The Xist lncRNA exploits three-dimensional genome architecture to spread across the X chromosome

Science. 2013 Aug 16;341(6147):1237973. doi: 10.1126/science.1237973. Epub 2013 Jul 4.


Many large noncoding RNAs (lncRNAs) regulate chromatin, but the mechanisms by which they localize to genomic targets remain unexplored. We investigated the localization mechanisms of the Xist lncRNA during X-chromosome inactivation (XCI), a paradigm of lncRNA-mediated chromatin regulation. During the maintenance of XCI, Xist binds broadly across the X chromosome. During initiation of XCI, Xist initially transfers to distal regions across the X chromosome that are not defined by specific sequences. Instead, Xist identifies these regions by exploiting the three-dimensional conformation of the X chromosome. Xist requires its silencing domain to spread across actively transcribed regions and thereby access the entire chromosome. These findings suggest a model in which Xist coats the X chromosome by searching in three dimensions, modifying chromosome structure, and spreading to newly accessible locations.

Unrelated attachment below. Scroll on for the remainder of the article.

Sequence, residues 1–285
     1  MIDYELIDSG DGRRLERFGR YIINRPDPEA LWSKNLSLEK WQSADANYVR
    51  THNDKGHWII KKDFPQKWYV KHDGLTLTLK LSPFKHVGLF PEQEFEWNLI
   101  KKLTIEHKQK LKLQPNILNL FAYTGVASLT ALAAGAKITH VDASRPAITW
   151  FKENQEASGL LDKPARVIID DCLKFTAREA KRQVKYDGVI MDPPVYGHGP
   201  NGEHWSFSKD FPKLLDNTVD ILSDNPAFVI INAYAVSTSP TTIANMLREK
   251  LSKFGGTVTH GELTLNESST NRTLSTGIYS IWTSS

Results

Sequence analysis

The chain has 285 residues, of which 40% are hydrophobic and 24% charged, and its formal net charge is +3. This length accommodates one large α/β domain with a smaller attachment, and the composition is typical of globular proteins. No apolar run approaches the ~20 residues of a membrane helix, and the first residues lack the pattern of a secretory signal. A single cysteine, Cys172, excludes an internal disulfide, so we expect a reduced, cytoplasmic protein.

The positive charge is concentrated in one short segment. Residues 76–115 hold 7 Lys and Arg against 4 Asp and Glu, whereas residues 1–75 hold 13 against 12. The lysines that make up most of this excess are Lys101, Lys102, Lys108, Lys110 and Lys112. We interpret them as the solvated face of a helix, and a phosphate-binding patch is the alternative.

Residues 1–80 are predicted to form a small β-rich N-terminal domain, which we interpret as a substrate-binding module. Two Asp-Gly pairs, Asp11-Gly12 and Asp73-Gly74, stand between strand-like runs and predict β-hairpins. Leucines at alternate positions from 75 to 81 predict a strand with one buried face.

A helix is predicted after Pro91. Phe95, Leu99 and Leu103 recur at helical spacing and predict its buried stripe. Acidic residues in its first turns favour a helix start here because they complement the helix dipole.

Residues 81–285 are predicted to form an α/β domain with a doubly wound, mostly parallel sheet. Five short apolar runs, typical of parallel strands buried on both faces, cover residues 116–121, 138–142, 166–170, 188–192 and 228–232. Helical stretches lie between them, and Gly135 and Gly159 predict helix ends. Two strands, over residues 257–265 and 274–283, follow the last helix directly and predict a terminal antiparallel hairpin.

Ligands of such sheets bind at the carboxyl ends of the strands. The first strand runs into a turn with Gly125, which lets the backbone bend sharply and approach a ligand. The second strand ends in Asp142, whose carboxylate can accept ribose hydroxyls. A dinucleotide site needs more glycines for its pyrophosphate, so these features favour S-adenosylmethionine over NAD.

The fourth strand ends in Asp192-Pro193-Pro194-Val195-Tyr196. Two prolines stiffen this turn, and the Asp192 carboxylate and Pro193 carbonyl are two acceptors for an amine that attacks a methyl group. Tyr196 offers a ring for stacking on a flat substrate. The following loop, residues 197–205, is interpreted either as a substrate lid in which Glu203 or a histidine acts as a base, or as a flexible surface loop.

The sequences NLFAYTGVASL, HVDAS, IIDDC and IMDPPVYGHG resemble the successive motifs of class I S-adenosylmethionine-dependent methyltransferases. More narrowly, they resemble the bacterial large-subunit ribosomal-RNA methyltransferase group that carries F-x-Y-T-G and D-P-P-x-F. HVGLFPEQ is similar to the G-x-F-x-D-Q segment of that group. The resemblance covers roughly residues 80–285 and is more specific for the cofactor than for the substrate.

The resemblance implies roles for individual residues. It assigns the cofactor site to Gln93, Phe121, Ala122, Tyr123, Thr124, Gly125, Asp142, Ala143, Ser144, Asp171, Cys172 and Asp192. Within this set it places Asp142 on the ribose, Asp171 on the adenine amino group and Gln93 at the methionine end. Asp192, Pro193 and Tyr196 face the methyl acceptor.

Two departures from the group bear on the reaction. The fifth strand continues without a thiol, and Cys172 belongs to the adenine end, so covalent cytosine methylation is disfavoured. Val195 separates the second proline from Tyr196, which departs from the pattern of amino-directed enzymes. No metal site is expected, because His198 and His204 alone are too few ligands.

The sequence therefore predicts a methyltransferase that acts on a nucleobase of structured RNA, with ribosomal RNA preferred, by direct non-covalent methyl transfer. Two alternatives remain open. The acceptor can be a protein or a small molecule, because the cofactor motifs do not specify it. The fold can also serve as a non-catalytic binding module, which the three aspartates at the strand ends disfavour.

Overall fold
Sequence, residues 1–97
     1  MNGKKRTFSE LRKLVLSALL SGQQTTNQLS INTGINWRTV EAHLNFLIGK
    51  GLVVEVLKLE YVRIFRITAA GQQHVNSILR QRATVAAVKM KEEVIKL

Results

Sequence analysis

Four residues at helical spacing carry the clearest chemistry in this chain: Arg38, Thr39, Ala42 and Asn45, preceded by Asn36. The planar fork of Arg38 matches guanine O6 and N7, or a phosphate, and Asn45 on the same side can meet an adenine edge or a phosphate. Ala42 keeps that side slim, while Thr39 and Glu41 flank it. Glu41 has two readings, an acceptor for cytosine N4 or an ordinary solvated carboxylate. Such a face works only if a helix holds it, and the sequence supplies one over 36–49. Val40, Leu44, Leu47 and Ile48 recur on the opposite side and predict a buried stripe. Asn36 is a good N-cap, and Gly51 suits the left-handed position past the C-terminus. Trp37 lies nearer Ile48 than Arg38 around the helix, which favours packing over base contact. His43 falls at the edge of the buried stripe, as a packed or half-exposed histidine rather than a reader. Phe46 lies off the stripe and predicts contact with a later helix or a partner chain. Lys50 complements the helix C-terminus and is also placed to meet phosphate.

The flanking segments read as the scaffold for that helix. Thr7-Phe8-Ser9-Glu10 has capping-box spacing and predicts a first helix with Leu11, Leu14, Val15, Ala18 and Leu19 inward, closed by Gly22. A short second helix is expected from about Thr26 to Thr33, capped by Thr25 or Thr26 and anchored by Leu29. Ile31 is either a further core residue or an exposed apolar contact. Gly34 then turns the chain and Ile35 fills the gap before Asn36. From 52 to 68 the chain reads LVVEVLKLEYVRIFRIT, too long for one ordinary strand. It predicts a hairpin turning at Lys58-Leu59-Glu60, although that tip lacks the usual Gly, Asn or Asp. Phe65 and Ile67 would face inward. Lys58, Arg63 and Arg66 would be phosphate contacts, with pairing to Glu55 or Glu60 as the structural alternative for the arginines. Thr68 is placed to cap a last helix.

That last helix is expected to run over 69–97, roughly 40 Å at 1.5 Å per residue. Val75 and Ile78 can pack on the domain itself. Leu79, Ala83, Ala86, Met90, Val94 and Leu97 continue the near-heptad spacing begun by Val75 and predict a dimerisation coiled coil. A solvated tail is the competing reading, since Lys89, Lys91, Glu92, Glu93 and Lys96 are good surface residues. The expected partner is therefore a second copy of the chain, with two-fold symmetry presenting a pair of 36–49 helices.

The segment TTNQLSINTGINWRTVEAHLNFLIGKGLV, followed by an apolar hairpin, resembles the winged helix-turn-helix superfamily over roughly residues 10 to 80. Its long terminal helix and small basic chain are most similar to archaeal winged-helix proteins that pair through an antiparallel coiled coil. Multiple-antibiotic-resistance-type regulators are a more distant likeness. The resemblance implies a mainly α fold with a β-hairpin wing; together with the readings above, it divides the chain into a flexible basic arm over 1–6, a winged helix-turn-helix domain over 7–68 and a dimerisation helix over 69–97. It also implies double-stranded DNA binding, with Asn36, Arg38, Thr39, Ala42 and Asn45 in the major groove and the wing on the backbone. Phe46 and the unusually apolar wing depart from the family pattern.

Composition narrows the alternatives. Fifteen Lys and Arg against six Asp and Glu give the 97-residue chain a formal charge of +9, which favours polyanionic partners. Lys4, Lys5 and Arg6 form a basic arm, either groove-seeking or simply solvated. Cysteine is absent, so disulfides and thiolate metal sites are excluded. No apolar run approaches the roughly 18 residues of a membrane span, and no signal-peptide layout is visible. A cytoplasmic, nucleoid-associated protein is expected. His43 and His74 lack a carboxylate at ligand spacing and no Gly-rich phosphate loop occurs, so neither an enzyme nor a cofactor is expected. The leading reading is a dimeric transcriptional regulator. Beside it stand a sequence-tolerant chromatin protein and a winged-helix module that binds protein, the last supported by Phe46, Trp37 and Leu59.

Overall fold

Publication types

  • Research Support, N.I.H., Extramural
  • Research Support, Non-U.S. Gov't
  • Research Support, U.S. Gov't, Non-P.H.S.

MeSH terms

  • Animals
  • Cell Differentiation
  • Cell Line
  • Chromatin / chemistry
  • Chromatin / metabolism
  • Female
  • Genome*
  • Male
  • Mice
  • Models, Genetic
  • RNA, Long Noncoding / chemistry
  • RNA, Long Noncoding / metabolism*
  • Transcription, Genetic
  • X Chromosome / metabolism*
  • X Chromosome / ultrastructure
  • X Chromosome Inactivation*


  • Chromatin
  • RNA, Long Noncoding
  • XIST non-coding RNA

Associated data

  • GEO/GSE46918